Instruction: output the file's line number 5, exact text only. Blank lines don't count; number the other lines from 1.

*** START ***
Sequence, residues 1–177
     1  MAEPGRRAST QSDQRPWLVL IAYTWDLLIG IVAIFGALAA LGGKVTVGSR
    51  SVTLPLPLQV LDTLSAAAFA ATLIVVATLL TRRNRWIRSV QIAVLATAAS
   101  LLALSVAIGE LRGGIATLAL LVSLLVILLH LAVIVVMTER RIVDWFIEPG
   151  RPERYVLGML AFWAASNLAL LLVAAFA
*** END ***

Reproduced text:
   151  RPERYVLGML AFWAASNLAL LLVAAFA